In the pastoral townships surrounding Staples, Minnesota, residents are known to talk. Although some may brush off this spiel as typical small-town conversation, Tim Rice is more likely to lean in and listen. As the CEO of Lakewood Health System, Rice is supremely aware of how his decisions affect his neighbors, as he uses his unique vantage to gauge the quality of healthcare in his community. Then, he looks for ways to improve it.
“Being in a rural community, you really live under a microscope,” says Rice, who has worked for Lakewood Health System for more than thirty-five years. “You might make a decision and have to sit next to the person it affects the next day at the school or at church. As a leader in a small community, there are significant obligations. How do we get the right quality at the right price? We should always be pursuing the opportunity to improve the healthcare that is offered.”
Founded in 1936, Lakewood Health System is an integrated health provider with a twenty-five-bed critical access hospital in Staples and five primary care clinics throughout the region. In addition, the health system offers women’s specialty services, senior services, surgical, and outreach care. With a regional population of no more than 15,000 residents, Lakewood doesn’t exactly have all the moving pieces of the country’s metropolitan healthcare organizations. However, running a rural facility still has its unique challenges, Rice explains.
“We work to provide all the services we can here,” he adds. “But it must be able to be done well. If we cannot do it well, we do not do it at all. Quality takes priority over money. Certain things can occur—like physicians leaving or major reimbursement changes—that can have a major impact on the operations and viability of an organization. One VP might run four departments. Employees and management must also multitask their work, so you learn to be flexible and adapt.”
Rice doesn’t moonlight as a surgeon, of course, but it isn’t exactly a stretch to say that he’s spent some time in the operating room. In fact, after leaving his family farm for college in the 1970s, he went to work as CFO at a small county hospital, where he was exposed to a wide spectrum in the healthcare field.
“If you do the right things for people, they will come to you. Word of mouth means people will select our organization.”
Rice was taken under the wing of the hospital’s CEO and chief of staff, who regularly pulled him into surgery. “The chief of staff said, ‘You’re going to learn medicine,’” Rice recalls. “He had me exposed to all kinds of procedures. He wanted me to understand the patient side of things. I had such support from him because they let me learn and got me started on the right foot. I owe a lot of gratitude to the physicians and administrators there.”
His experience at the county hospital left a mark, and when Rice left for Lakewood Health in 1977, he made it his mission to make a difference. “Being independent and not in a system, it allows us to make decisions pretty quickly,” Rice says. “We do a lot of grassroots type of activities, and all of that creates buy-in. Working on improving health is one of them.”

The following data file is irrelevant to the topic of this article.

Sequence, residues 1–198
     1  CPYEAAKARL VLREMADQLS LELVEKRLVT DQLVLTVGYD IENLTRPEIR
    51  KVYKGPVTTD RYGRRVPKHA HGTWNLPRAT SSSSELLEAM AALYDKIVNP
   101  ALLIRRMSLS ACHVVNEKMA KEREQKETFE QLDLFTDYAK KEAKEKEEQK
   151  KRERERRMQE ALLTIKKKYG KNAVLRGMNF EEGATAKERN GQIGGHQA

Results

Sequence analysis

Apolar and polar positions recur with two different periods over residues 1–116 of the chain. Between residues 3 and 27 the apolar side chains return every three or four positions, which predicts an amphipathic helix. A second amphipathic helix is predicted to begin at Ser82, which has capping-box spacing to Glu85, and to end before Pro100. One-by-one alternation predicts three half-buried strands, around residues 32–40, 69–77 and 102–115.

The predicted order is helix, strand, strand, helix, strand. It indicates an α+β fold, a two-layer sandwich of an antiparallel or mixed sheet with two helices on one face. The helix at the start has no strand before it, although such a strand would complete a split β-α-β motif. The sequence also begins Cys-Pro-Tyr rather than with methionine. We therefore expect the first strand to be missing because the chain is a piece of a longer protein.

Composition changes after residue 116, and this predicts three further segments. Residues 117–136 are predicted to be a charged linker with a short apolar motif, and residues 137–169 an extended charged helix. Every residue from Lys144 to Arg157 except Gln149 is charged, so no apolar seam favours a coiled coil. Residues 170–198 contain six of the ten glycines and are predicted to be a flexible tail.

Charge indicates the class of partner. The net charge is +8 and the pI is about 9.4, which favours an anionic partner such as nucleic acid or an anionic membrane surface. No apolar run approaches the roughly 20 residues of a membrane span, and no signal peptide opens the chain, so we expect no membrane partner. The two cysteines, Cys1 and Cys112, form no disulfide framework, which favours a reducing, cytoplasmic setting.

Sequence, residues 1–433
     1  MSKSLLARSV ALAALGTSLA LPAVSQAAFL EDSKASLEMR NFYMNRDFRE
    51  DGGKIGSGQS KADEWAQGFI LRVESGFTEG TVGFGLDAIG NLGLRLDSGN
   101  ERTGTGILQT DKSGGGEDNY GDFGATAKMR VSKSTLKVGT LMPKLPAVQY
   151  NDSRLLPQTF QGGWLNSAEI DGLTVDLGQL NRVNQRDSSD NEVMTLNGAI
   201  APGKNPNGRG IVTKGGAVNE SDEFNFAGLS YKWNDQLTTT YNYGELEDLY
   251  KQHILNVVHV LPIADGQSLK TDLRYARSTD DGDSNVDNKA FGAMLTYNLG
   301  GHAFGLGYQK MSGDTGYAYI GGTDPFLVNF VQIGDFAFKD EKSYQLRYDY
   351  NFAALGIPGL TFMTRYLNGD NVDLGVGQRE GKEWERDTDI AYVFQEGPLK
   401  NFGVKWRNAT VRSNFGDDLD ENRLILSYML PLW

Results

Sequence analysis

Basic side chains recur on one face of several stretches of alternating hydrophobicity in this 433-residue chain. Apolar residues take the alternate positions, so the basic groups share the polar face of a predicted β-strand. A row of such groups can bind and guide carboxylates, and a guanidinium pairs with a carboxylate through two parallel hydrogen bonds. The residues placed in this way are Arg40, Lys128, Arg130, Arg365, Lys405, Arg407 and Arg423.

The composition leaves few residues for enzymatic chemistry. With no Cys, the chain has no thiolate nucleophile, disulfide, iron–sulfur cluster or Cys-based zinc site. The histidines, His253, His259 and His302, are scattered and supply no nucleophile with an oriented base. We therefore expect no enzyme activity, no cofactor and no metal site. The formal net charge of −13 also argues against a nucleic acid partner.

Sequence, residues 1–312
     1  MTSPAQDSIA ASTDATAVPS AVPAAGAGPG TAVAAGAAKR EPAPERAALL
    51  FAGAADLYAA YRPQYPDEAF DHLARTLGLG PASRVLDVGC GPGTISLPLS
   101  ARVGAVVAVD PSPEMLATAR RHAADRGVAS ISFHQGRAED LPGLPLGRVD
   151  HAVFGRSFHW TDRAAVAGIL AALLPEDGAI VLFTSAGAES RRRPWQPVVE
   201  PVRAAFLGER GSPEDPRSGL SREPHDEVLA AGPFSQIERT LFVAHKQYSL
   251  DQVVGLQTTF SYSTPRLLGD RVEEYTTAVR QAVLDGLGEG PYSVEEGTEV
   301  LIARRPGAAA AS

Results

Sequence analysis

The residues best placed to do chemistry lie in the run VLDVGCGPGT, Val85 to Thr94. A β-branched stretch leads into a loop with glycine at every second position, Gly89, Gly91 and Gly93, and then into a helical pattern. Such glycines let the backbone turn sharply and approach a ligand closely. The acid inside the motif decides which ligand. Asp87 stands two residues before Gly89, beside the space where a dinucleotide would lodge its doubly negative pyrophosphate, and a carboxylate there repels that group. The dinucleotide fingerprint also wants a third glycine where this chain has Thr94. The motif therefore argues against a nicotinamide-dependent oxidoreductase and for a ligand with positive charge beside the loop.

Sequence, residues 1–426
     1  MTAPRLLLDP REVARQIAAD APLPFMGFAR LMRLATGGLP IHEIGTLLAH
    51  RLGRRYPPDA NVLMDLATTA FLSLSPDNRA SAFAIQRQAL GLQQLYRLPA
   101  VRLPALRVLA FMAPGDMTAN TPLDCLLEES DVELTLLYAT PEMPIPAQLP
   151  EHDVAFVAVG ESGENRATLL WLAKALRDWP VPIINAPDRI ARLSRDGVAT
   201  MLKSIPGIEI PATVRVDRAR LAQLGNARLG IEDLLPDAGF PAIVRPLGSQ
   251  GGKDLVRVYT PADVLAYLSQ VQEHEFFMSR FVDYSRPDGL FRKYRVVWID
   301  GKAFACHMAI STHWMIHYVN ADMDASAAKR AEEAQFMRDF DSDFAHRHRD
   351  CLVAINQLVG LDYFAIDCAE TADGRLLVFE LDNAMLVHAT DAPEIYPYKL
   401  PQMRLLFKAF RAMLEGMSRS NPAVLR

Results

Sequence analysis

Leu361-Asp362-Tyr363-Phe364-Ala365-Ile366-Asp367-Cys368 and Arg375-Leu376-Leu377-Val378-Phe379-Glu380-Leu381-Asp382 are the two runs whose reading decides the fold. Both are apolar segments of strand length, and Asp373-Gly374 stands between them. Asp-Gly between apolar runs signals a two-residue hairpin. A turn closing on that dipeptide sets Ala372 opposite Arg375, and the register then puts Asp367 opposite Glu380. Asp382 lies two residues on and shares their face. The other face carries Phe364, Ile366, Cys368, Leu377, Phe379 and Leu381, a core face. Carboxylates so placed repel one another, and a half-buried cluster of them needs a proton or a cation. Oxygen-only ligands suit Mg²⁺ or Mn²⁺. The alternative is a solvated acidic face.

Recently, Lakewood Health invested in a new EHR and entered an agreement with an ACO, which allows Lakewood to legally obtain information on its Medicare patients. The arrangement gives Lakewood the ability to collect important data and insight into its quality of care. “We can get cost and utilization information and find out how we are doing in comparison to others,” he explains, adding that the program also links coordinators to patients to oversee their care and health.
For example, a community paramedic might make a home visit to a resident who has been constantly landing in the emergency room, only to find out they are living without electricity, or that some other issue is adversely affecting their health. Once the problem is identified, the Lakewood team can find ways to help.
“This approach looks at all of the elements of why people are using hospital and clinic services,” he says. “You may look at it as eliminating hospital stays, but if we’re effectively providing care, isn’t that what we’re supposed to be doing? An organization has to adapt and learn how doing the right thing impacts them from an operational perspective. It is so important to reduce our overall cost of care and make patients healthier. We are passionate about the triple aim and improving value whenever and wherever we can.”
It’s all about the pursuit of the greater good, Rice says. This attitude is the reason that Lakewood Health System has partnered with its competitors and regional
agencies to improve health throughout the region. They work jointly on addressing topics such as community health collaborations, promoting healthy lifestyles, food insecurity, and maternal and infant care.
“I want all of our competitors to be exceptional,” Rice says. “If my child got hurt, I don’t know where my child might be. So even though we compete, there are key things we must pursue together for the well-being of our patients and communities. I don’t want our own organization to be a barrier to that.”
“If you do the right things for people, they will come to you,” he adds. “Word of mouth means people will select our organization.”
Rice works to create the same congeniality among his staff, as well. He regularly meets with representatives from each division to get input on ways to enrich employee culture. And recently, he’s been working with employees on strengthening its
“If it doesn’t connect to the heart of the people who are doing the work, the vision is not as effective as it can be,” he says. “We want them to know we can really create connections and have a positive influence within the community and in the workplace. And you can really make a difference because it’s like neighbors taking care of neighbors.”